Blencathra as a metaphor for your life and career

Me: Stand on there and I can take a picture of you for my website….

My sister, mother of three, family law solicitor, seeker-out and destroyer of bullshit: I can see Blencathra!

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Lingmore Fell, Cumbria. Looking towards the Langdale Pikes and Harrison Stickle (Blencathra is a long way off to the right)

Me: OK, so look over there and think about Blencathra as a metaphor for your life and career….

Picture taken, and we begin to pick our way down the hill. A few seconds pass.

My sister: Blencathra as a metaphor for my life and career?
Me: I thought I got off lightly….

The landscape has an astonishing capacity to inspire us. Remarkable places like the Lakeland Fells especially so. Seeing the snow-speckled saddle of Blencathra shining away in the distance from Lingmore Fell is an uplifting sight, that’s for sure. But a metaphor for your life and career? Making forced comparisons between our inner mind and aspects of the outer landscape puts us (ahem) on shaky ground.

But, here’s the thing; our inner and out landscape do reflect one another. You can see it in the everyday language we use. We might find ourselves on shaky ground, as we did a moment ago on Blencathra. We might seek a clear view or engage in some blue sky thinking. We could be plodding along, moving mountains, or not be able to see the wood for the trees….. Daily conversation is peppered with images and ideas from landscape and the way we experience it, which is surprising for people who live mainly in towns and cities. And if we bring the landscape into everyday life, it follows that we bring everyday life into the landscape. Whether our spirit soars in lofty mountain grandeur or sinks during a rainy riverside trudge depends as much on our inner thoughts and feelings was it does on the actual environment and conditions. There’s a local hill that gives me a fabulous birdseye view of the town where I live. My desire for a little perspective on my life is overlaid onto an actual perspective of the place where it’s lived.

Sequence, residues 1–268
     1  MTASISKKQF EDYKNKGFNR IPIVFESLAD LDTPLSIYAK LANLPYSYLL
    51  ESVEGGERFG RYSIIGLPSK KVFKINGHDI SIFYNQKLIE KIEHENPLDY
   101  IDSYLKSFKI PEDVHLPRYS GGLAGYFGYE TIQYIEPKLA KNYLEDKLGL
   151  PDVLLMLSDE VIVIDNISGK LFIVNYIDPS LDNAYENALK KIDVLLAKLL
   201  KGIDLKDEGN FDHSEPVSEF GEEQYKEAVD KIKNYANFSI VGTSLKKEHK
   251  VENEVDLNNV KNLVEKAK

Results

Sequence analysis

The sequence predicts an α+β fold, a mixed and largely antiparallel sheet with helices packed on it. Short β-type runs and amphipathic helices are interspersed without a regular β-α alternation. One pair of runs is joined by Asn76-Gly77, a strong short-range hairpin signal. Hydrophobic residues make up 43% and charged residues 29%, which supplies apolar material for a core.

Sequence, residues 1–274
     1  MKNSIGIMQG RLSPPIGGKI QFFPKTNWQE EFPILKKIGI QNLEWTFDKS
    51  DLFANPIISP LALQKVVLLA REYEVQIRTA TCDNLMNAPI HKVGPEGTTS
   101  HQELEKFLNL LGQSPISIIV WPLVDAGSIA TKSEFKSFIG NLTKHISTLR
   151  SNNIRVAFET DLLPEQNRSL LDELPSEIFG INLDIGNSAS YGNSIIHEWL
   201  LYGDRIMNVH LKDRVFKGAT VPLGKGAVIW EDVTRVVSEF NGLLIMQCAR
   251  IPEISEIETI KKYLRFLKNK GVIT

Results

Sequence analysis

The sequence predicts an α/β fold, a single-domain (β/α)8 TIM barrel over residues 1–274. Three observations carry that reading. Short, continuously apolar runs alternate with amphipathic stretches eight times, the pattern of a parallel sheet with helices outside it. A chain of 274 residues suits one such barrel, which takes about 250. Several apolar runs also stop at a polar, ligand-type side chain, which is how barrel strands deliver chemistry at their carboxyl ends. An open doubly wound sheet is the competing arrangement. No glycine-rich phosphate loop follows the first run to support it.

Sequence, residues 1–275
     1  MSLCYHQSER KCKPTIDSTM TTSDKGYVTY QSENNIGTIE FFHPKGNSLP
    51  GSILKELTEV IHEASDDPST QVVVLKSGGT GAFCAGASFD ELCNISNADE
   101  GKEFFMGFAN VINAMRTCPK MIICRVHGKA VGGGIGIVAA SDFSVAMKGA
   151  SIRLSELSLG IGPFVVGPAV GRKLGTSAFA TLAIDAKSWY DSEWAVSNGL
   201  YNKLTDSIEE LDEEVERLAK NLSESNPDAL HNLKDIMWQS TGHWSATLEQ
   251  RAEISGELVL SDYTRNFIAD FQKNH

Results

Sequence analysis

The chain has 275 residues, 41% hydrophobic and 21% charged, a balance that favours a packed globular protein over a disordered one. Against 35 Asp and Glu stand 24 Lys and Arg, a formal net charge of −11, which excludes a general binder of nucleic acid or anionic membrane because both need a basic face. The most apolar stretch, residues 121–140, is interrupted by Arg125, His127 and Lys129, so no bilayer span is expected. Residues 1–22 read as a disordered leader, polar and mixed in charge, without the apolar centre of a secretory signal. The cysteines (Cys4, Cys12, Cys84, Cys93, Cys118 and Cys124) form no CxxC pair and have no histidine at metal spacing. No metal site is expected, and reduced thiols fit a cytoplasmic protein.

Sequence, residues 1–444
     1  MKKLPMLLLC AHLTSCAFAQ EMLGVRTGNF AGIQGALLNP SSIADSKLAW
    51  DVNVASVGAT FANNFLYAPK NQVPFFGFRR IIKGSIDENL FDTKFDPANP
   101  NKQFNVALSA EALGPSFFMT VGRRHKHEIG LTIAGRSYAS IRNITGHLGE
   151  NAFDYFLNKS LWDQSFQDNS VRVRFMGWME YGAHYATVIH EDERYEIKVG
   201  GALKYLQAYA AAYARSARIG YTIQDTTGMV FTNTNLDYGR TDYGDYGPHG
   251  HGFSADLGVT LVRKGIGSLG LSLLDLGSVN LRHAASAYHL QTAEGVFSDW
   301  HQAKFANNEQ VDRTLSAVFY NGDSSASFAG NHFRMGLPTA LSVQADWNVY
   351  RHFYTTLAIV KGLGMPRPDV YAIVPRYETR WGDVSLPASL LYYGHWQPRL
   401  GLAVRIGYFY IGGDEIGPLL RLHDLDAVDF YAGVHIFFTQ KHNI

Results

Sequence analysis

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Macclesfield emerging from a misty cheshire plain, seen from Teggs Nose Country Park

So back to Blencathra. You might, when you are out walking, ask yourself if there is anything in the landscape that really speaks to you. Describe what you see. That description will reflect your emotional response as well as your descriptive powers. Is there anything that you can see that helps you to visualise where you want to be in life? Or that reflects your current reality?

I remember a coaching session when someone was describing how they wanted things to flow – a rigid routine wouldn’t work. They needed to allow for obstacles and adjustments in everyday life, but keep moving forwards nonetheless. We noticed we were standing by a stream. Holding that metaphor in your mind can be a useful way to carry the coaching session forward into when you are back in everyday life. But I don’t think that you should force it. That way lies Blencathra as a metaphor for your life and career.

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